Rarely can a 6-1 victory have been met with such palpable disappointment.
Last night should have been a redemptive moment for a club in need of a lift, but instead a hammering of Nordsjaelland only provoked more soul-searching at Chelsea, their fate determined 1,700 miles away in Donetsk. For Rafa Benitez, meanwhile, it is doubtful whether such an ample victory will have any appreciable impact on his personal approval ratings. This was a futile and facile night all round.
Benitez enjoyed a belated first victory since his controversial ascension to the Stamford Bridge throne, while the fallen £50 million striker he has been tasked with rejuvenating, Fernando Torres, finally took his apparent training ground form into a proper match, scoring twice in a game for the first time since March. But if a 6-1 win could ever said to be pointless - or greeted with a feeling of overwhelming emptiness - this was it. Chelsea's was a thumping victory that melted immediately into the ether, to be forgotten.
Although the song proclaiming Chelsea to be “Champions of Europe” was given a few final renditions at Stamford Bridge, now it must be retired. That brutal reality sunk in as a 1-0 win for Juventus at Shakhtar Donetsk ensured the Italians progressed along with their Ukrainian opponents, and Chelsea were banished to the Europa League as the result of an inauspicious five group games under Roberto Di Matteo.
A group of supporters that have been trying to cling to the club’s past, both distant and more recent, were confronted with an awkward present: despite recording 10 points, Chelsea are the first European champions to be deposed at the group stage of the Champions League.
Paradoxically, by far the most impressive performance of Benitez’s short yet stormy reign brought the most tangible regret. The Spaniard cannot be blamed for Chelsea’s demise in Europe of course, and perhaps the manner of the victory, and a productive night’s work for Torres, will go a small percentage of the way to redeeming the Spanish manager in the eyes of Chelsea fans.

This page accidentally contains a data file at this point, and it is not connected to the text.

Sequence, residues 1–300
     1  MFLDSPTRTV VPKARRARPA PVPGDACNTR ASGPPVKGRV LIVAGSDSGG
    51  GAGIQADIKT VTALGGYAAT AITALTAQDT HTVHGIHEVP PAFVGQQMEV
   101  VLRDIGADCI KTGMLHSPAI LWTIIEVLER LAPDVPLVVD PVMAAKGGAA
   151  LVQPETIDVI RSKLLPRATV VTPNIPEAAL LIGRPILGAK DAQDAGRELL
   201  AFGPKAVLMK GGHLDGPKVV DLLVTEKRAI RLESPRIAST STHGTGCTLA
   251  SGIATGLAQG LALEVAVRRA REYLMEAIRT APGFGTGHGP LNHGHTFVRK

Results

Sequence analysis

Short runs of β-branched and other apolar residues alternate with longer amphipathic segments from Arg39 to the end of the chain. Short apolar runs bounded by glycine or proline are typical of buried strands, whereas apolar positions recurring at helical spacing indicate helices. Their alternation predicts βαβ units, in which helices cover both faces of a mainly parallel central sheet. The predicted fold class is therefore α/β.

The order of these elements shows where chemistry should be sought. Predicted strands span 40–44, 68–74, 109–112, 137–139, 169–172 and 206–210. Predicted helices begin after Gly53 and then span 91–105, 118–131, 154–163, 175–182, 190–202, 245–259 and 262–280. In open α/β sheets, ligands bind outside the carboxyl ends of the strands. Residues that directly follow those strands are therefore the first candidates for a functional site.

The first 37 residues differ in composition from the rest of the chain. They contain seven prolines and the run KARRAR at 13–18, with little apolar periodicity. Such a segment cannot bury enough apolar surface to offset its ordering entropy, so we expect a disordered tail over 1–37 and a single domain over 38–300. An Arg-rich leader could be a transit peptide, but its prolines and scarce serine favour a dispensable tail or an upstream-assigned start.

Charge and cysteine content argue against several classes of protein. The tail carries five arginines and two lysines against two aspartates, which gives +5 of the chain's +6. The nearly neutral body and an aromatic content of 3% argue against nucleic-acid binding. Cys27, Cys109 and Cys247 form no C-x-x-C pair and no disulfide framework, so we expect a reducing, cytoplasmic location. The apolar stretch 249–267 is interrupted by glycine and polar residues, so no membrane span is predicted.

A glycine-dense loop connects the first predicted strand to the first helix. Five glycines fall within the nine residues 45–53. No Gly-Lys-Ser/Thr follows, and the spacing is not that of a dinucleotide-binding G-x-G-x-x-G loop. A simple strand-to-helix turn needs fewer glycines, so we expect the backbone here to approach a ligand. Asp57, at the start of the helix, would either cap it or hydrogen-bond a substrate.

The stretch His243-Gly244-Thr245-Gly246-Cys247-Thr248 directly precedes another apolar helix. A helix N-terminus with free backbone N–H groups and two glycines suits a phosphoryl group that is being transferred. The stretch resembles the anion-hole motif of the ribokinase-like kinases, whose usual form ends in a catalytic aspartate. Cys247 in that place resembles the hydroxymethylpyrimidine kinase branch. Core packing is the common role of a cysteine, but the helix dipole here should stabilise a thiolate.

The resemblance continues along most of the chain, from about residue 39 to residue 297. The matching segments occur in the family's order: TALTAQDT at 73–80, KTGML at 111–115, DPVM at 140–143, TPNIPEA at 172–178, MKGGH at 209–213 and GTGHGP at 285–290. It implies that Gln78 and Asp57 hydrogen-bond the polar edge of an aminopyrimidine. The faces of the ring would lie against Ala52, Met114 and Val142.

Then again, it may not. Not when Nordsjaelland were extremely poor, the visitors vulnerable from the very start of a chaotic first half that witnessed three penalties, only two of which were scored. By the time Chelsea cut loose in the second half and rattled in four goals in 20 minutes, Juventus were leading in Donetsk, making each additional strike in West London ultimately little else than an exercise in vanity.
Still, try telling Torres that his goals were obsolete. The striker ended a dry patch extending back to the start of November when tucking away a shot at the second attempt just before the break and then poking home from a cross from the excellent Eden Hazard. Having been praised by Benitez, somewhat laughably, for his goals in training and defensive work from corners, this was Torres finally doing what he is paid to do, albeit against desperately mediocre opposition. As Kasper Hjulmand, boss of the most porous defence in the competition, admitted: “We helped him.”
Torres even had the confidence to indulge in a ‘Rabona’ cross in the second half – the execution of which in most games this season would probably have ended with the striker sprawled on the floor, his legs entangled like a pair of iPod headphones dug out of the dark recesses of a backpack.